Are You Settling For Second Best?

Are You Settling For Second Best?9th May 2019

Thoughts - By: Sarah Begley

So many times people ask me what constitutes a great relationship. My response is that no one knows exactly what makes two people right or wrong for each other. Although I do know that if we knew, the world would be a much happier place to live in.

But what I have learned from my own experiences and through my line of work, is what does and doesn’t make for a good relationship.

In my opinion, too many people settle for less than they deserve.

That might be because many lack confidence and don’t think they’re worthy of the best partner and life. Both are as important each other because without the right person, life becomes dull and all the opportunities that come our way will be wasted on petty arguments, unhappiness, and resentment.

You’re better off on your own than with the wrong person.

We’re born and we die alone. It’s how we spend our time in between that truly matters, and finding the right person can help our wellbeing and sense of belonging.

Don’t stay with someone if:

  • The love and respect are gone
  • You’re lonely and depressed
  • You’re in an abusive relationship (physical or mental)
  • Drug addictions are involved
  • It’s just for the sake of children
  • It’s due to financial dependency

You can’t revive a relationship that’s irreparably broken. But trying to work things out between you and giving each other time to heal and getting the distance you both require, could help put things into perspective. It sounds like a cliché but taking the time to come to terms with past events will eventually make you a stronger person, capable of moving on without resentment and repeating the same mistakes.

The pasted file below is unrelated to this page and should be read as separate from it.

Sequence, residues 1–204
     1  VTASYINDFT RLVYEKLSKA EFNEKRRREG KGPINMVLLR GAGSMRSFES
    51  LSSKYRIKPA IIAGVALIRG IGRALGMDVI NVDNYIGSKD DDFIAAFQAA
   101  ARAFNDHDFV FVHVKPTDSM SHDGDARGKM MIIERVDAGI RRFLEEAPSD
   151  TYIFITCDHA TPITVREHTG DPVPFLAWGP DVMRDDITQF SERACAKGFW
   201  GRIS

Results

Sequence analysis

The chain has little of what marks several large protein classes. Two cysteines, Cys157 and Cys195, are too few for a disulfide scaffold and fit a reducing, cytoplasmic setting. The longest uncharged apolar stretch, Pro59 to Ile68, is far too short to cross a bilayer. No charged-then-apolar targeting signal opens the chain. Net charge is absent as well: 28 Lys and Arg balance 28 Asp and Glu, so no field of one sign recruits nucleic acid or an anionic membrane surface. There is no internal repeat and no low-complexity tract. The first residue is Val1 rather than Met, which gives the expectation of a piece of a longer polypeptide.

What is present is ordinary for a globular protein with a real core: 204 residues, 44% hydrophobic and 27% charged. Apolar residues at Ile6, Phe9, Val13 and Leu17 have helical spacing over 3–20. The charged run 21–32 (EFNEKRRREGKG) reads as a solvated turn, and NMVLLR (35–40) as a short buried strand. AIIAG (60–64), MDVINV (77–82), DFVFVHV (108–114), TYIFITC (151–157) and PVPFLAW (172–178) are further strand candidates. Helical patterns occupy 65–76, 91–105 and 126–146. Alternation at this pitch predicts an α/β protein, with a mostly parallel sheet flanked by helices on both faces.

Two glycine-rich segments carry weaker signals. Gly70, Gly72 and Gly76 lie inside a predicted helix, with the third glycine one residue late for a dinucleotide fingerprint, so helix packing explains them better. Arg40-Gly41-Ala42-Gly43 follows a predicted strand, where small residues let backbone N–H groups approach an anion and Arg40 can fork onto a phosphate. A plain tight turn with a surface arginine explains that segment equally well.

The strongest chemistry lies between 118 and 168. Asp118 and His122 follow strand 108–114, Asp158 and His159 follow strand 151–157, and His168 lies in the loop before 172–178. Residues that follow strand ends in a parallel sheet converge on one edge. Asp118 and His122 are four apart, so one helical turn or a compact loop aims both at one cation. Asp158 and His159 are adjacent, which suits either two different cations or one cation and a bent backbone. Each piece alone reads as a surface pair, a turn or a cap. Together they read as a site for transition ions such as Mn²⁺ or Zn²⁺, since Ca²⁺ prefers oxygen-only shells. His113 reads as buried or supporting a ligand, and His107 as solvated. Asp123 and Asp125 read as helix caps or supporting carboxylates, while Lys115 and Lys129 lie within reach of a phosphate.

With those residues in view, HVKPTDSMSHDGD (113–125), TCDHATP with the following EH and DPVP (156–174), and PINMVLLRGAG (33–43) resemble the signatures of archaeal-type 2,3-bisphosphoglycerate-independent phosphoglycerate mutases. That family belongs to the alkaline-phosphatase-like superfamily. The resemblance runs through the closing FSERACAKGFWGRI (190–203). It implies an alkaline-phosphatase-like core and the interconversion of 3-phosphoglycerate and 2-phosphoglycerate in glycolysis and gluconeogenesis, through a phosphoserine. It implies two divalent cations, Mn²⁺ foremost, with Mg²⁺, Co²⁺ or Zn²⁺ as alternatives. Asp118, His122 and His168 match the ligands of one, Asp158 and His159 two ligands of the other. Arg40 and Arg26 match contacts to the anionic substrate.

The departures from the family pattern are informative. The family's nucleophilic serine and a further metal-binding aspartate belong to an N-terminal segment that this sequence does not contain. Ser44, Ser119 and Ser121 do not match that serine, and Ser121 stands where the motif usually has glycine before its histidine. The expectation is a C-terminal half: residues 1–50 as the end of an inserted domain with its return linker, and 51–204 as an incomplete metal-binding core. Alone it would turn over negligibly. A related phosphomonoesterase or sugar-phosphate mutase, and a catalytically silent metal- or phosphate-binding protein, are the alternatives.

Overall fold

When it does make sense to be together and maintain a healthy relationship:

  • You love and respect each other
  • Share the same core values
  • Enrich each other’s lives
  • Support each other
  • Share a dream
  • Both parties are financially independent

A close friend divorced her husband after many years. They’d met and fell in love in their twenties. After decades of putting up with his drug addiction denial, she had no option but to leave him and the marriage. Sometimes love isn’t sufficient to stay together unless there’s a willingness to change.

My friend has now found love and happiness with someone else, while her ex still lives alone refusing to accept the reason she’s no longer part of his life.

Never settle for anything less than personal happiness and fulfilment.

Hélene xx

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